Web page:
Model A Clutch

Clutch Lining – Grease on the clutch lining is almost impossible to get out, there really isn’t a good cleaner available to remove it.  If grease becomes badly embedded, it is most advisable to replace the lining  A short term, emergency cure is to plug the opening in the bottom of the housing and pour in a gallon of hot water and detergent; idle the engine for two minutes with the clutch disengaged and then drain.

Clutch Chatter – If grease is allowed to get on the friction facings of the clutch it will begin to chatter during engagement and sometimes slip at high speeds.  To remedy this, remove the clutch and install a new set of clutch disc facings.  Also check the rear motor mounts for looseness if the clutch chatters.  Motor mounts should be uniformly tight.

Clutch Wear – Two indications of clutch wear are:  Engine races, but the car does not pick up speed and the clutch pedal adjustment has been used up.  Premature clutch wear may be due to:  Riding the clutch, lack of pedal travel clearance, racing the engine, and slipping the clutch when starting.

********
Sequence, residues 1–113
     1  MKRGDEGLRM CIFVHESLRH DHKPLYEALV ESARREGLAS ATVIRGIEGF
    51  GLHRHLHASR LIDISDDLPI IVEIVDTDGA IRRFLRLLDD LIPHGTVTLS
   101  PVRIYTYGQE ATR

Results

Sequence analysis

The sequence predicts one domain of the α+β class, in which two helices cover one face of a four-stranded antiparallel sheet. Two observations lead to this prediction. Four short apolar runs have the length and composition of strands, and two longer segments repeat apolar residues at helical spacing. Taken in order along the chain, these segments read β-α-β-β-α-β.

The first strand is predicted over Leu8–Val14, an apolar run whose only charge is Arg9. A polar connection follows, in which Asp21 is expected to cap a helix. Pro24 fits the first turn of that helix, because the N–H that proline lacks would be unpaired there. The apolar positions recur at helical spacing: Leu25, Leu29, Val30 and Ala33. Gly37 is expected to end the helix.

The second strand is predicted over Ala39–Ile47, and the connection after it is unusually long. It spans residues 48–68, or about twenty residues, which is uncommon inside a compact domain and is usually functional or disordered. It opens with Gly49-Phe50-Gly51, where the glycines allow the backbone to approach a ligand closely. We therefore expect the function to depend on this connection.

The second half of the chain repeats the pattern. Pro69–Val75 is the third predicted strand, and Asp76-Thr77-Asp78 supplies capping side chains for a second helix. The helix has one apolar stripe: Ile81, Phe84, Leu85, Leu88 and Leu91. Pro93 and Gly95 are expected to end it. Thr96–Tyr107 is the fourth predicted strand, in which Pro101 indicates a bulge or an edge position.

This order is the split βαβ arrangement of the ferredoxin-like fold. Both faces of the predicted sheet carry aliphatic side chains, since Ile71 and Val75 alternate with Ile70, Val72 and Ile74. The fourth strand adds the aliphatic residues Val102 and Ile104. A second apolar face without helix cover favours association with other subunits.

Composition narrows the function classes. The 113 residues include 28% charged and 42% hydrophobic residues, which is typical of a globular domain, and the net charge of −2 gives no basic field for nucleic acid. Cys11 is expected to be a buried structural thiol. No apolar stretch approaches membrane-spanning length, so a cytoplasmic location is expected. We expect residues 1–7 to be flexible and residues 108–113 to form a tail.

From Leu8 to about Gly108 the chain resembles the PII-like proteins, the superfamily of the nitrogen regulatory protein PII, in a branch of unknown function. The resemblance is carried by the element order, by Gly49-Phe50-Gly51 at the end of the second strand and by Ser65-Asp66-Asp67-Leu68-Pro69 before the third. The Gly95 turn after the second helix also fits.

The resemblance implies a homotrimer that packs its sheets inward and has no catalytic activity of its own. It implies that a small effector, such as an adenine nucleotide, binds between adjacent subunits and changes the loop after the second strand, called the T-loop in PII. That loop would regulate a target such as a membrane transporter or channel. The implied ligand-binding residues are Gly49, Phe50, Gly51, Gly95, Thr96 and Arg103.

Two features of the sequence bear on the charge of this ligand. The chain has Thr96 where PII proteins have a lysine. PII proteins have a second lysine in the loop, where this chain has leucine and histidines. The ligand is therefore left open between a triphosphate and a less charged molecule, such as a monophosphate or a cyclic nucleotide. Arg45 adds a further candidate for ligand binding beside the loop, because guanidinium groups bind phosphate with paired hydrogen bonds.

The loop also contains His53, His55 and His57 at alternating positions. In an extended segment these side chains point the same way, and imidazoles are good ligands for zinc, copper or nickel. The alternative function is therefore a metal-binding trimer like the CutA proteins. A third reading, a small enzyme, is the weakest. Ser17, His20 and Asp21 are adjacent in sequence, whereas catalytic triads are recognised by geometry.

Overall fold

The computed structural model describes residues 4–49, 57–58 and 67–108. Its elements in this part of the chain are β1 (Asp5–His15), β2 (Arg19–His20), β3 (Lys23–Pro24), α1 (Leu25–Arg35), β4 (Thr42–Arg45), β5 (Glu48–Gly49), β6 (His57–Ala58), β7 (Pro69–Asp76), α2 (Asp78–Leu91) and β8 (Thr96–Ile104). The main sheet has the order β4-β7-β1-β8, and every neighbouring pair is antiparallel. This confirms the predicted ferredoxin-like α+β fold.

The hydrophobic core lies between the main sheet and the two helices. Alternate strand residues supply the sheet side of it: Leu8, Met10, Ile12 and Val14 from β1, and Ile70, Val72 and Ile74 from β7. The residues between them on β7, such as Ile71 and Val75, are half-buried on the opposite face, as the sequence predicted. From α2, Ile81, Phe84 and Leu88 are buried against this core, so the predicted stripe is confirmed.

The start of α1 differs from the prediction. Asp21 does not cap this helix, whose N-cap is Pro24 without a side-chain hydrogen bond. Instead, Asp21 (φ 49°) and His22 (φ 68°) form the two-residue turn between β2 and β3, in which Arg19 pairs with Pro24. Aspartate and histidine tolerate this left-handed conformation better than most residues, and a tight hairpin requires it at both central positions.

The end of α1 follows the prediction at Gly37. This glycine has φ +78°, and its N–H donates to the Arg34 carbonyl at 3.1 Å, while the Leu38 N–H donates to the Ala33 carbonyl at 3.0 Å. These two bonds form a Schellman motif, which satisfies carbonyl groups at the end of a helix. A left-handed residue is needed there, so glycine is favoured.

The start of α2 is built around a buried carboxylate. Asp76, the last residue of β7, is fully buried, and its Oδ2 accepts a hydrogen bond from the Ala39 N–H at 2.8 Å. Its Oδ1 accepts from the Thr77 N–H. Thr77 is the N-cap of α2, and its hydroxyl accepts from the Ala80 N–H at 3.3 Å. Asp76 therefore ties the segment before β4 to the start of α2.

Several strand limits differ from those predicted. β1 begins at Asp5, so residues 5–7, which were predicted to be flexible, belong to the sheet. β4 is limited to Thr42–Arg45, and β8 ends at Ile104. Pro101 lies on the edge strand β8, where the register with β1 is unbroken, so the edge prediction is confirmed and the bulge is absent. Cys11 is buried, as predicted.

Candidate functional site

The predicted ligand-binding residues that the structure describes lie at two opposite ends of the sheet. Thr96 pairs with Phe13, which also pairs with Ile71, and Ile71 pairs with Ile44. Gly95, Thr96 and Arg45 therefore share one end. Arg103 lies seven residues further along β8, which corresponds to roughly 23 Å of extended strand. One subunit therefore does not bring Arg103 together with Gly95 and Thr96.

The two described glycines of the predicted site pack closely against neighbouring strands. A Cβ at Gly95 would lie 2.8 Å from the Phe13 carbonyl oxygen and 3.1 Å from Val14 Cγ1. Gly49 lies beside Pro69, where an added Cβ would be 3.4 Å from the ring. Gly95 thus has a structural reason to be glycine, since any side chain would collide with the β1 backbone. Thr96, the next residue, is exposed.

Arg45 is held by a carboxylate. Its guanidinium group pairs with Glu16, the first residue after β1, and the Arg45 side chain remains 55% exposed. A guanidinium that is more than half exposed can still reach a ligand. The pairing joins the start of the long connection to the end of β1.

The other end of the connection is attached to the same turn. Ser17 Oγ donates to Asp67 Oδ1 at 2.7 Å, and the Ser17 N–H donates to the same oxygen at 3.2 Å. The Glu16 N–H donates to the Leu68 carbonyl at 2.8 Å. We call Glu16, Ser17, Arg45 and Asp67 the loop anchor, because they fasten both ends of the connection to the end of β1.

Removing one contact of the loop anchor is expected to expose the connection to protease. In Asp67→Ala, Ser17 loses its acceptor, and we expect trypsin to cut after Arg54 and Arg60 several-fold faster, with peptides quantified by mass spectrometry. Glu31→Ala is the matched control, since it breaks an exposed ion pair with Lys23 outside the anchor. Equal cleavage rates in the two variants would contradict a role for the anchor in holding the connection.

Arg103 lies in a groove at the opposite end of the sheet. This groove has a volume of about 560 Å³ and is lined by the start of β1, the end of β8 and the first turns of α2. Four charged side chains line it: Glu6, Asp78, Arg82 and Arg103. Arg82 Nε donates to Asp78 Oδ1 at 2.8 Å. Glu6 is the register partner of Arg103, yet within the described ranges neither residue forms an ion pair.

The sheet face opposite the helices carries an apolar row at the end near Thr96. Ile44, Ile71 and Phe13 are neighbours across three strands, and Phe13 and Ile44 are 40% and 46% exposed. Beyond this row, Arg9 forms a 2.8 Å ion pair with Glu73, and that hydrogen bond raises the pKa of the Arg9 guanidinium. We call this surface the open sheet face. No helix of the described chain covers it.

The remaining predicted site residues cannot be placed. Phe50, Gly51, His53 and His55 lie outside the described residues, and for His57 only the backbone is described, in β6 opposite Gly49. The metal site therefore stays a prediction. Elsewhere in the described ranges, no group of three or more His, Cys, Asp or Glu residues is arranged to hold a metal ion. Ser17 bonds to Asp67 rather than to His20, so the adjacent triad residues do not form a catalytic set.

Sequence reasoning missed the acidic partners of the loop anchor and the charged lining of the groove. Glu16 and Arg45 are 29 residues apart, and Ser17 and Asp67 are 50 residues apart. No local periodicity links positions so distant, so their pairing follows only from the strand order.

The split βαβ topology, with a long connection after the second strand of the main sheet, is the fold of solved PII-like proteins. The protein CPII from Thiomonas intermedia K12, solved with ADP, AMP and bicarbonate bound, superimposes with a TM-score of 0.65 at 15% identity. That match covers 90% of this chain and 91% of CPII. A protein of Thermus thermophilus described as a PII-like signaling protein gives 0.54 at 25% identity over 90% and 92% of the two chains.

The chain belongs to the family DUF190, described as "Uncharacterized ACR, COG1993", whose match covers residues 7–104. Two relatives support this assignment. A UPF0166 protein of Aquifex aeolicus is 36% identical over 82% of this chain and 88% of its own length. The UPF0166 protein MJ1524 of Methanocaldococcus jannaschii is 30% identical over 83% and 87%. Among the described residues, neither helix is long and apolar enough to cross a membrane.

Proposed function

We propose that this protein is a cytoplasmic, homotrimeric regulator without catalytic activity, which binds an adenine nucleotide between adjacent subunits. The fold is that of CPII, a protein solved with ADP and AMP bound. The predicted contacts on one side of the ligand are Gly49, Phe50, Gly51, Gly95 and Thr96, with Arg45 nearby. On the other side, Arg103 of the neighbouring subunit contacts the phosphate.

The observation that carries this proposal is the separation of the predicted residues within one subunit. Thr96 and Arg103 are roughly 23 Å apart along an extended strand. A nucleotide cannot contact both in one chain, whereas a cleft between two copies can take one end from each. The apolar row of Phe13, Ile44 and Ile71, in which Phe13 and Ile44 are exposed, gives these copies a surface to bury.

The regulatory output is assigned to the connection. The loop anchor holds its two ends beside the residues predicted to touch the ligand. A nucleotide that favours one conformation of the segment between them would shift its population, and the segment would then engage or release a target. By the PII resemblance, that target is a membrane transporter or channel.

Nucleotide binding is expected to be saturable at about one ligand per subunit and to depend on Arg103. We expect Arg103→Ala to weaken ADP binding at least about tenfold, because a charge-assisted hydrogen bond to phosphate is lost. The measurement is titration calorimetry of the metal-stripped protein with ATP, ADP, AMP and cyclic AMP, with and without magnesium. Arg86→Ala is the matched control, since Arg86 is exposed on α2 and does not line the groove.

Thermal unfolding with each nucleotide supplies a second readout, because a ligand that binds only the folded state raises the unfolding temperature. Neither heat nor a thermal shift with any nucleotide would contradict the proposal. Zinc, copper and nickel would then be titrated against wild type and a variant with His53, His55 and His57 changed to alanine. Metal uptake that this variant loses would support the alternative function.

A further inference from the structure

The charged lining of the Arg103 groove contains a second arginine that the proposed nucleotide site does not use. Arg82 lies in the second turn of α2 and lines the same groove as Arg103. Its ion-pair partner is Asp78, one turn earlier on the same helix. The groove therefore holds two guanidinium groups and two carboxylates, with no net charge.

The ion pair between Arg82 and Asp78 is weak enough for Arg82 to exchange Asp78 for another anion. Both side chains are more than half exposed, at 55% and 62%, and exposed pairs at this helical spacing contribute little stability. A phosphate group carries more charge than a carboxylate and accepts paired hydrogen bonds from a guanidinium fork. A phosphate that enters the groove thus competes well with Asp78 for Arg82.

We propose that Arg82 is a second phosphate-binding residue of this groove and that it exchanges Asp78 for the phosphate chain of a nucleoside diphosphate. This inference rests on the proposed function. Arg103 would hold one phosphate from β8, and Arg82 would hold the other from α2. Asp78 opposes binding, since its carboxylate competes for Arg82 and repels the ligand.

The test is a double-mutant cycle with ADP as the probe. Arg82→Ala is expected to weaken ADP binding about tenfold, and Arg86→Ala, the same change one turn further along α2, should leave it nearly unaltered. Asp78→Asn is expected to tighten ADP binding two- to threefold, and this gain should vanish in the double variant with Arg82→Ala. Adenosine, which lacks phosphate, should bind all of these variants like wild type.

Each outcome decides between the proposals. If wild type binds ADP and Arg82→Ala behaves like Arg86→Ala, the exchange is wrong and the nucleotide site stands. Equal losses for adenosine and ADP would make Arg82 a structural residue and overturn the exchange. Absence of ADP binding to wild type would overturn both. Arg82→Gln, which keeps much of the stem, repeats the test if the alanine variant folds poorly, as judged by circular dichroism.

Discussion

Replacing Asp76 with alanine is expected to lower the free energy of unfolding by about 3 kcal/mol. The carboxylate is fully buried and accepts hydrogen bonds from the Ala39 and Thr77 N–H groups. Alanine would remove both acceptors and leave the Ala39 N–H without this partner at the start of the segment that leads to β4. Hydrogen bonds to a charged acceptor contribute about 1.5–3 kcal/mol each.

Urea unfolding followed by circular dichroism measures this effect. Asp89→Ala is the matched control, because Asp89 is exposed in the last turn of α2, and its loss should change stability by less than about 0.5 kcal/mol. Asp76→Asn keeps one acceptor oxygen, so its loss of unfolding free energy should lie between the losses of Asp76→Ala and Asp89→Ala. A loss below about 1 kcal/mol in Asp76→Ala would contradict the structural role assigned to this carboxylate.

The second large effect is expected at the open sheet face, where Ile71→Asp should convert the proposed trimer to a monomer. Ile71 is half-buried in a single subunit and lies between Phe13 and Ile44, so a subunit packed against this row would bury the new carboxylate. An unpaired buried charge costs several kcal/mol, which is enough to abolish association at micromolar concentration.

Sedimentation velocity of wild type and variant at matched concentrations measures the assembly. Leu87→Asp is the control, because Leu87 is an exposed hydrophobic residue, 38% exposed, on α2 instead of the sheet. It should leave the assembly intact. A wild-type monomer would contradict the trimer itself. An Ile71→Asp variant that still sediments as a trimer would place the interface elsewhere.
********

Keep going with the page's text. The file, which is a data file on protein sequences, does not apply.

Pedal Movement – The correct free-play for the clutch pedal is approximately ¾” for the early multiple disc clutch and one inch for the single disc clutch.  This is the movement which takes place before the pedal starts to disengage the clutch.  (See page 464 in the Service Bulletins.)

Adjusting the Clutch Pedal – The clutch pedal clearance can be adjusted by tightening or loosening the release arm rod.  This is accomplished by removing the cotter pin from the clevis pin, then removing the clevis pin; this allows the adjusting rod to be turned.  Turning the rod OUT increases the movement of the clutch pedal, screwing the rod IN decreases the movement. (See page 218 in the Service Bulletins.)

This tech tip was originally printed in the Jan/Feb. 2001 “A” Quail Call.

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